EVERY seriously sick child with an unexplained illness can have their entire genetic code mapped from next year, scientists claim.
The approach could revolutionise how rare childhood conditions are treated.
It follows a study on 350 critically unwell children who were admitted to neonatal and paediatric intensive care units without a clear diagnosis.
Blood samples were taken from the patients and their parents, allowing for their entire DNA to be decoded in under three weeks.
Doctors at Cambridge University and Addenbrooke’s Hospital discovered that one in four had an underlying genetic condition.
They could also track whether the fault had been passed down from their mum or dad or if it was spontaneous.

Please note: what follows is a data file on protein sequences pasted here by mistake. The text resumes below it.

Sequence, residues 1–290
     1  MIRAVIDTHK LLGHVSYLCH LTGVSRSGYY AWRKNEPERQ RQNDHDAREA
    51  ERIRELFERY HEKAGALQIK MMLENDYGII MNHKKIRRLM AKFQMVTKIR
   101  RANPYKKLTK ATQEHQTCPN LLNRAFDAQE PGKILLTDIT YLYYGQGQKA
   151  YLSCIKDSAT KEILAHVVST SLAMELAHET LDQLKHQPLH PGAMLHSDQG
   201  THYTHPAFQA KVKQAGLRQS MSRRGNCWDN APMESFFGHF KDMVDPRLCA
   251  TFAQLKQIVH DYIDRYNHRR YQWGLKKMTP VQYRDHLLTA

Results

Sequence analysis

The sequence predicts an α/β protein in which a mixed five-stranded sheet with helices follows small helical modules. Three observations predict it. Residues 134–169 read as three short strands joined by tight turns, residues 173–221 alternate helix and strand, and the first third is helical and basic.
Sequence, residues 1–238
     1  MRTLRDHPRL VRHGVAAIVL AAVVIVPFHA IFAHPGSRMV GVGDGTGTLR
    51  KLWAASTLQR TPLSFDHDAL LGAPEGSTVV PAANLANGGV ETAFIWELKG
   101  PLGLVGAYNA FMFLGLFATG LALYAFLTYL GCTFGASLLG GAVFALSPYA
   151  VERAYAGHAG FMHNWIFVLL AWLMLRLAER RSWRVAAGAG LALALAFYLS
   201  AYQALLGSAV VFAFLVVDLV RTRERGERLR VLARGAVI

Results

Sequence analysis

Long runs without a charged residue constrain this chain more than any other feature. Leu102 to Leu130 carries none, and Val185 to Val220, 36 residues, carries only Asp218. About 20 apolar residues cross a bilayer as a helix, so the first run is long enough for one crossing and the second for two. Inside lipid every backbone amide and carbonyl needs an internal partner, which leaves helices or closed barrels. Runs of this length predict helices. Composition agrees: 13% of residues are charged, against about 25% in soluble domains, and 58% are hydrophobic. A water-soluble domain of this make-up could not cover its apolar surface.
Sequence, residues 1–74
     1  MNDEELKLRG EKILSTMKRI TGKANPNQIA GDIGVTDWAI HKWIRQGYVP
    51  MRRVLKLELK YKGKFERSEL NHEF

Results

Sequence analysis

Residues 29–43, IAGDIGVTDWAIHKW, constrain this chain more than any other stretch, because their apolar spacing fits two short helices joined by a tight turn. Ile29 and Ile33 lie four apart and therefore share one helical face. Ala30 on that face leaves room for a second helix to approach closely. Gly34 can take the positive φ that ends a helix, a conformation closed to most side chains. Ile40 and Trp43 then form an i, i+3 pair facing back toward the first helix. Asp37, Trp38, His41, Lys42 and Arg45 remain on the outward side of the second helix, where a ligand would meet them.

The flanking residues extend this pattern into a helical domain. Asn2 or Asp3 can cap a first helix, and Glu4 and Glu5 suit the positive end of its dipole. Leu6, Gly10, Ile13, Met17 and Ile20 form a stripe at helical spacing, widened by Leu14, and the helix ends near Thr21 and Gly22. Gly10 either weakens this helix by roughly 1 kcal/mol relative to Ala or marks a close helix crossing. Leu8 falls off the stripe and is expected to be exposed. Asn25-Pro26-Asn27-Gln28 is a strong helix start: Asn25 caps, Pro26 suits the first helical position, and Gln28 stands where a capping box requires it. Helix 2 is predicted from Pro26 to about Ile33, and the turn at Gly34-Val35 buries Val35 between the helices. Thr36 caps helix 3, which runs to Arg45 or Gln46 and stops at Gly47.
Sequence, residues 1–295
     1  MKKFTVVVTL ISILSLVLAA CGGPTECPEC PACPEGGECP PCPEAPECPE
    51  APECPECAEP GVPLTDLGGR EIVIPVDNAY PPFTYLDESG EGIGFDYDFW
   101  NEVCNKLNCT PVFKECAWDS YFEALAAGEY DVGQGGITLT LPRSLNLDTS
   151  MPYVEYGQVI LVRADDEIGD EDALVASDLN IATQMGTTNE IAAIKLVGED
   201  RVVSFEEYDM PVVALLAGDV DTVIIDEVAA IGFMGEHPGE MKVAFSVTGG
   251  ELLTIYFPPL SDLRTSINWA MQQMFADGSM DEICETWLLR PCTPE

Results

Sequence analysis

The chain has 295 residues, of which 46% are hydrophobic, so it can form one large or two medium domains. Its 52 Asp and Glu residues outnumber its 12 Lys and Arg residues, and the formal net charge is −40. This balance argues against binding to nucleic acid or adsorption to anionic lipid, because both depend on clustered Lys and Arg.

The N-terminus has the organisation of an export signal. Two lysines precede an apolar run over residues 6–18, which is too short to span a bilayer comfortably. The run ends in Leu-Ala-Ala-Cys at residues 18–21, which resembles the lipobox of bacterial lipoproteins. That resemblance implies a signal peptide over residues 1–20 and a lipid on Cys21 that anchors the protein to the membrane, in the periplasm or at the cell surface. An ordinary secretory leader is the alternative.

Critically, it changed how doctors treated patients in 75 per cent of those cases.
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Professor Dame Sue Hill, chief scientific officer of NHS England, said testing could soon be rolled out on the NHS. She said: “Genomics has the potential to transform the delivery of care for the patient.”
The children being treated had a range of illnesses, including birth defects, seizures, metabolic disease, gastrointestinal disorders or reduced growth.
Researchers said the DNA testing service could be available as soon as next year.
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